AP Worldstream: Crude prices extend slide as oil industry dodges Rita bullet: “The price of crude oil extended its slide in Asian trade Monday, after Hurricane Rita narrowly missed crucial oil processing zones with relatively light damage reported. But with at least seven refineries without power in Texas and Lousiana, analysts caution such outages could lead to petroleum product shortages _ and higher prices _ with the Northern Hemisphere winter fast approaching.”: Monday Sept 26, 2005
By EN-LAI YEOH
The price of crude oil extended its slide in Asian trade Monday, after Hurricane Rita narrowly missed crucial oil processing zones with relatively light damage reported.
But with at least seven refineries without power in Texas and Lousiana, analysts caution such outages could lead to petroleum product shortages _ and higher prices _ with the Northern Hemisphere winter fast approaching.
Elsewhere, China's oil imports grew 3.9 percent on year in August, with the mainland bringing in 83 million metric tons (91.49 U.S. tons) of crude for the year. Still, imports fell six percent on month _ a possible indication of falling demand from Beijing.
Mid-morning in Singapore, front-month November contracts on the New York Mercantile Exchange fell 55 cents to US$63.64 a barrel in Asian electronic trade that continued from an unusual Sunday session in New York. It had fallen as low as US$62.65 in light activity.
Seven facilities in Port Arthur and Beaumont, Texas, and Lake Charles, Lousiana, were without power from Rita, which came onshore over the weekend as a 193-kph (120-mph) hurricane after swirling as a Category 5 beast with 281-kph (175-mph) winds in the Gulf of Mexico.
The 255,000-barrel-per-day Valero Energy Corp. plant in Port Arthur appeared to be the most heavily damaged, facing at least two weeks of repairs from significant damage to two cooling towers and a flare stack.
ConocoPhillips meanwhile, could not provide a restart date Monday for its Lake Charles refinery. Calcasieu Refining Co. and Citgo Petroleum Corp., a subsidiary of Petroleos de Venezuela S.A., also have refineries in Lake Charles. In Port Arthur, refineries are owned by Valero Energy Corp., Total S.A. and Motiva Enterprises LLC, a joint venture between Royal Dutch Shell PLC and Saudi Refining Inc.; Exxon Mobil Corp. has a refinery in Beaumont.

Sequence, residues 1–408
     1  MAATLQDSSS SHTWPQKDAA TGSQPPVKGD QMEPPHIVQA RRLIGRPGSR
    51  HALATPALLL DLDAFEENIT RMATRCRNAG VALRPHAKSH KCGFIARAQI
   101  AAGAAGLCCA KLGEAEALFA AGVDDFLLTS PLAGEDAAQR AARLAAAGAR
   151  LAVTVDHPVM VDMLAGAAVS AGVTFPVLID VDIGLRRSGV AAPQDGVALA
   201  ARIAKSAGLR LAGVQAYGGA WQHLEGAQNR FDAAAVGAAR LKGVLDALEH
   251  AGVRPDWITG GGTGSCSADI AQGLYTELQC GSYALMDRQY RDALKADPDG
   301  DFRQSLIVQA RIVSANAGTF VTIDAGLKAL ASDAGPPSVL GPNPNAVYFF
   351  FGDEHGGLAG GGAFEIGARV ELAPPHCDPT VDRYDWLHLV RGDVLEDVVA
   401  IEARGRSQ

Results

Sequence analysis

Recovery hinges primarily on the restoration of electricity. The area's primary utility, Entergy Corp., said 271 high-voltage transmission lines were down and 275 substations out of service, and there was no immediate timeline of when power would be restored.
"Extended U.S. refinery outages due to storm damage could create acute product shortages. Although imports can probably offset the shortfall, they will come at a price," said Energyintel analyst Peter Kemp from London.
The U.S. Minerals Management Service said Sunday that 666 platforms in the Gulf remained unstaffed, up slightly from Saturday. Oil production in the Gulf of Mexico was totally shut down, and more than 80 percent of natural gas output was off. Since Katrina hit a month ago, more than 33 million barrels of oil and 156 billion cubic feet of natural gas have been lost.
While facilities largely escaped unscathed from Rita, analysts say prices are likely to rise ahead of winter. The production of distillates traditionally rises around this time of the year, but with several refineries out, analysts fear tight supplies of heating oil, natural gas and diesel.
"Anything you lose is going to make things worse," said Fimat USA analyst Mike Fitzpatrick.
Heating oil fell three cents to US$1.9139 a gallon (3.8 liters), gasoline slipped seven cents to US$2.009 a gallon, while natural gas _ the product some analysts are most concerned about _ rose a tad to US$12.33 per 1,000 cubic feet.
Unlike oil with the strategic reserve, there is no safety net for natural gas production in the United States. The Gulf Coast produces about a third of U.S. crude and more than a quarter of its natural gas.
From Beijing, China said its oil imports rose 3.9 percent for the first eight months of 2005 but fell six percent from July to 8.7 million metric tons (9.59 U.S. tons).
Rising demand from the United States and China, the world's top two consumers of crude, has been blamed for shrinking global excess capacity.
Copyright 2003 Associated Press
Click here to return to ShellNews.net HOME PAGE